Updated: January 9, 2015 11:19 AM ET | Originally published: January 9, 2015 4:44 AM EST

French police were negotiating Friday with two sets of gunmen who are believed to have taken hostages in two separate but linked incidents two days after the deadly terrorist attack in Paris. The sounds of gunshots and loud explosions at both sites could be heard on local television broadcasts Friday evening.

Saïd and Chérif Kouachi, the prime suspects in the killing of 12 people at the offices of the satirical newspaper Charlie Hebdo on Wednesday, were located by police northeast of Paris and then chased to a factory on an industrial estate where they are believed to have taken one hostage. French officials said they had made contact with the brothers who told them that they want to die as martyrs.

As that siege unfolded, a man believed to be Amedy Coulibaly, 32, a suspect in the fatal shooting of a policewoman on Wednesday, attacked customers at a kosher supermarket near the Porte de Vincennes in the east of Paris. Local media said several were injured and at least two killed in the shooting before Coulibaly took refuge in the supermarket with at least five hostages.

Police assumed the Wednesday shooting was just a tragic coincidence, unrelated to the Charlie Hebdo massacre. But on Friday, Prime Minister Manuel Valls told reporters that the two incidents were in fact connected, and that the shooter had communicated with the Kouachi brothers—suggesting that Wednesday’s attack might be part of a bigger plan. “The latest advances in the investigation allows us to establish a connection” between the two incidents, Valls said on Friday afternoon, while he was meeting the grief-sticken staff members of Charlie Hebdo, at the offices of the French daily newspaper Libération.

Police said they were also looking for Hayat Boumeddiene, 26, in connection with Wednesday shooting. It is not clear if she was with Coulibaly at the Porte de Vincennes. Le Monde reported that Boumeddiene was Coulibaly’s former girlfriend.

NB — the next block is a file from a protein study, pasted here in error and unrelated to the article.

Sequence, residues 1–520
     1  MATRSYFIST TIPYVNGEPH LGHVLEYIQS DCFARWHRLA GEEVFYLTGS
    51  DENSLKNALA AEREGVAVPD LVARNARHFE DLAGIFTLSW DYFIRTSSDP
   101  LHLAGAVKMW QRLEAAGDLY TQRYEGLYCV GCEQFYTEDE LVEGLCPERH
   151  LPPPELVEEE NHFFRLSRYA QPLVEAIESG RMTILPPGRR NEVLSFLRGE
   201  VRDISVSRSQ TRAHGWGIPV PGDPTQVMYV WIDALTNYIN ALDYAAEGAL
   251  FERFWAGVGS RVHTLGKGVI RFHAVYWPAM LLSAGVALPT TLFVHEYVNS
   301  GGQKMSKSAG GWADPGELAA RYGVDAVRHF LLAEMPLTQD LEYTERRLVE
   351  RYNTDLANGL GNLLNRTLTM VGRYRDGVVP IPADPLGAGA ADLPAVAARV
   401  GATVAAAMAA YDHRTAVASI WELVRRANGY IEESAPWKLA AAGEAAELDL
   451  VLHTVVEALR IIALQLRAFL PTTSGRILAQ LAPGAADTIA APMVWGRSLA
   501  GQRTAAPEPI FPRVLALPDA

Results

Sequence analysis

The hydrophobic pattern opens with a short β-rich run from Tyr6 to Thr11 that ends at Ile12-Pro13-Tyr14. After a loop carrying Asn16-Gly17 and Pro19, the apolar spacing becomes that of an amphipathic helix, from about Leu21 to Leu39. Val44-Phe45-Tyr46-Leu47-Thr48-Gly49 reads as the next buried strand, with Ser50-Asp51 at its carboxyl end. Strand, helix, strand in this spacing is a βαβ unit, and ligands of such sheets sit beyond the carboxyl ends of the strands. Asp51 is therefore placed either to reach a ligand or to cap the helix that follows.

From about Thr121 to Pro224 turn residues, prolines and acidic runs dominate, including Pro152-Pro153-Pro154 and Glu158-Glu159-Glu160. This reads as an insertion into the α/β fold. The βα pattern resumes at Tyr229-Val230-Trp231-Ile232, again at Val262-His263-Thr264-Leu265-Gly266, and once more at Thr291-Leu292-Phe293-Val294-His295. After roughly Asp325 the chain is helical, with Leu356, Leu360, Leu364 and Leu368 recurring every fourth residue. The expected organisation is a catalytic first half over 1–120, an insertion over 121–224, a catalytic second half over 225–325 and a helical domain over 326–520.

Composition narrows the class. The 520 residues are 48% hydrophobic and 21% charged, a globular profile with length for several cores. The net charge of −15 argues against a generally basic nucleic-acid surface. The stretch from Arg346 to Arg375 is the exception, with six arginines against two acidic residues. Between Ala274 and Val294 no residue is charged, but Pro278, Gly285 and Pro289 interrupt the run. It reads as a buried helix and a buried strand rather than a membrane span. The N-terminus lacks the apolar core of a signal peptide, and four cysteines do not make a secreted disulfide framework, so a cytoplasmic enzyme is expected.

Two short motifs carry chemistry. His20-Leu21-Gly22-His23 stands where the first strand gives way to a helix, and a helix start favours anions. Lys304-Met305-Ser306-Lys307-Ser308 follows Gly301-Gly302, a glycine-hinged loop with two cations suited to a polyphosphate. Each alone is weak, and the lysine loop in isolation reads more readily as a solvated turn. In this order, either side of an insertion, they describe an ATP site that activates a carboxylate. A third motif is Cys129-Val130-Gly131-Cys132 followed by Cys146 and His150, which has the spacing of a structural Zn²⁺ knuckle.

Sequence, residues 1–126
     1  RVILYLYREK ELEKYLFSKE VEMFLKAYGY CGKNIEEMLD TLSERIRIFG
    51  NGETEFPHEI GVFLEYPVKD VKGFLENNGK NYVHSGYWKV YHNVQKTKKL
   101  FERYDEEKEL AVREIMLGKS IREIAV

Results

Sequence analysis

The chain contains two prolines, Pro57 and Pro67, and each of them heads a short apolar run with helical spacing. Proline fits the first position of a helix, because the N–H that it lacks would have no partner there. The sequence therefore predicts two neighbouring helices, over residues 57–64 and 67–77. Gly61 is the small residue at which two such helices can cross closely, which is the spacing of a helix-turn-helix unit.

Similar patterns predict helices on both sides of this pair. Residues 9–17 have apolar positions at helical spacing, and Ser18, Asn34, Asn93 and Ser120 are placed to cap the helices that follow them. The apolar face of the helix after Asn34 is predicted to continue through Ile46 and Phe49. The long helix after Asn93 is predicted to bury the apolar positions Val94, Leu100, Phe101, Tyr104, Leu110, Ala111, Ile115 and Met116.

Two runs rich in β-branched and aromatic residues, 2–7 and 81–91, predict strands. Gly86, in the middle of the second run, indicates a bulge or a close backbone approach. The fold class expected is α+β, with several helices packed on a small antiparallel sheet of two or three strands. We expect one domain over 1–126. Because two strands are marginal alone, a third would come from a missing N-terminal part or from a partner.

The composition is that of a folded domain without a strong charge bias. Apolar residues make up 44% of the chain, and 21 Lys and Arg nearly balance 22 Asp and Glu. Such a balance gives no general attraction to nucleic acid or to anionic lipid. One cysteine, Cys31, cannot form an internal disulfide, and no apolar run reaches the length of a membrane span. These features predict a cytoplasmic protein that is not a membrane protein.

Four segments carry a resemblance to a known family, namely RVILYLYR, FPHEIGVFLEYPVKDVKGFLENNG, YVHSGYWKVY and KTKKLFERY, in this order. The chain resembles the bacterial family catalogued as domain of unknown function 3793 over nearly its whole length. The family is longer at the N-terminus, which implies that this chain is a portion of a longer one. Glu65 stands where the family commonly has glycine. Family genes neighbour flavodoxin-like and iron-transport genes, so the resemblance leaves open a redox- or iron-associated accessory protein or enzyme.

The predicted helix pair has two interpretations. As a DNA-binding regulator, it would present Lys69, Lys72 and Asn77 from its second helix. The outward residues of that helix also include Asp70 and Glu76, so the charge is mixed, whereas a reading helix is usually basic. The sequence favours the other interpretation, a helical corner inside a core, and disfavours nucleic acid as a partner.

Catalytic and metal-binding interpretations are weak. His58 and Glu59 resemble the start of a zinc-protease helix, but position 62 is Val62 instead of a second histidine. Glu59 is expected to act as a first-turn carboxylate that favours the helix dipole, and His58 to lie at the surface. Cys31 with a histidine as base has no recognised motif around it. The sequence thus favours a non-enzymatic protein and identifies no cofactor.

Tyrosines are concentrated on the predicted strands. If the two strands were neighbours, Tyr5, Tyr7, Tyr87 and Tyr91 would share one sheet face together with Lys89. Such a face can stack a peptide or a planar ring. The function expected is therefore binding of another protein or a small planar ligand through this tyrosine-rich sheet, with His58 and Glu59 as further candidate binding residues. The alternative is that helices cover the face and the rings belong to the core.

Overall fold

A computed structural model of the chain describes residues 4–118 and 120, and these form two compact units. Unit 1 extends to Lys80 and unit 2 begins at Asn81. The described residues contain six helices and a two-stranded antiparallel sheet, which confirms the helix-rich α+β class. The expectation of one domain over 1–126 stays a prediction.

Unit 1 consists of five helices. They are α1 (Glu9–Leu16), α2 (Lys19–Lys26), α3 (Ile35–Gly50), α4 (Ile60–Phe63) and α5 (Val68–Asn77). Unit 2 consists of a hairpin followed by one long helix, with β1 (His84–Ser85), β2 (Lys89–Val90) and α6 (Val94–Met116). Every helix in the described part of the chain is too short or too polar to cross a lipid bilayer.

Earlier in the morning, Saïd and Chérif Kouachi, aged 34 and 32, fled the wooded areas further of Paris in a Peugeot car they hijacked on the road, according to French media reports. Shortly after there was sounds of gunfire, as the suspects fled towards CTF Creation Tendance Decouverte, a sign making and printing factory in an industrial zone close to Paris’s main airport.

For the first time since Wednesday, French officials sounded confident that they were close to a climax in the manhunt. Interior Minister Bernard Cazeneuve told reporters on Friday morning that SWAT teams had the men cornered in the factory in Dammartin-en-Goèle and that special forces were on site, ready to move in. “Operations will be conducted in the hours, the minutes,” he said shortly after 10 a.m.

France Info radio interviewed a man who gave his name as Didier who said he went into the factory when the gunmen were there. He had an appointment with the factory manager and he shook the hand of one of the gunmen who he took to be a police officer. “We all shook hands and my client told me to leave.” Didier said the gunman told him: “Go, we don’t kill civilians”. He added “I thought it was strange.”

He said: “As I left I didn’t know what it was, it wasn’t normal. I did not know what was going on. Was it a hostage taking or a burglary?”

Christelle Alleume, who works across the street, said that a round of gunfire interrupted her coffee break Friday morning.

“We heard shots and we returned very fast because everyone was afraid,” she told i-Tele. “We had orders to turn off the lights and not approach the windows.”

Prime Minister Manuel Valls has said both men were known to intelligence services.

On Thursday evening French officials told the U.S. that Saïd Kouachi had traveled to Yemen in 2011 and received weapons training from Al-Qaeda in the Arabian Peninsula (AQAP). Anwar al-Awlaki, a leader of AQAP died in a U.S. drone attack that same year. The younger brother Chérif spent 18 months in jail in 2008 for having attempted to fight with jihadist groups against U.S. forces in Iraq. Police had monitored his radical views for years. By contrast to his brother, Saïd had managed to escape arrest so far. Cazeneuve said on Thursday that the older Kouachi brother “has never been prosecuted or convicted, but has appeared on the periphery of judicial cases.”

The head of Britain’s MI5 security agency said on Thursday that British intelligence believed terror networks were actively planning “complex and ambitious plots” against Western targets. Speaking at MI5 headquarters in London, Andrew Parker told members of the Royal United Services Institute, a defense and security think tank, that those fighting in Syria were currently plotting assaults abroad. “We know, for example, that a group of core al-Qaeda terrorists in Syria is planning mass casualty attacks against the West,” he said.

Malcolm Rifkind, a British legislator and chairman of the House of Commons intelligence and security committee said the brothers had been in close contact with associates in Yemen in recent days. “What is emerging in Paris is that the two individual responsible for the terrible massacre at Charlie Hebdo were communicating with people in the Yemen over the last days, last few weeks,” he told the BBC.

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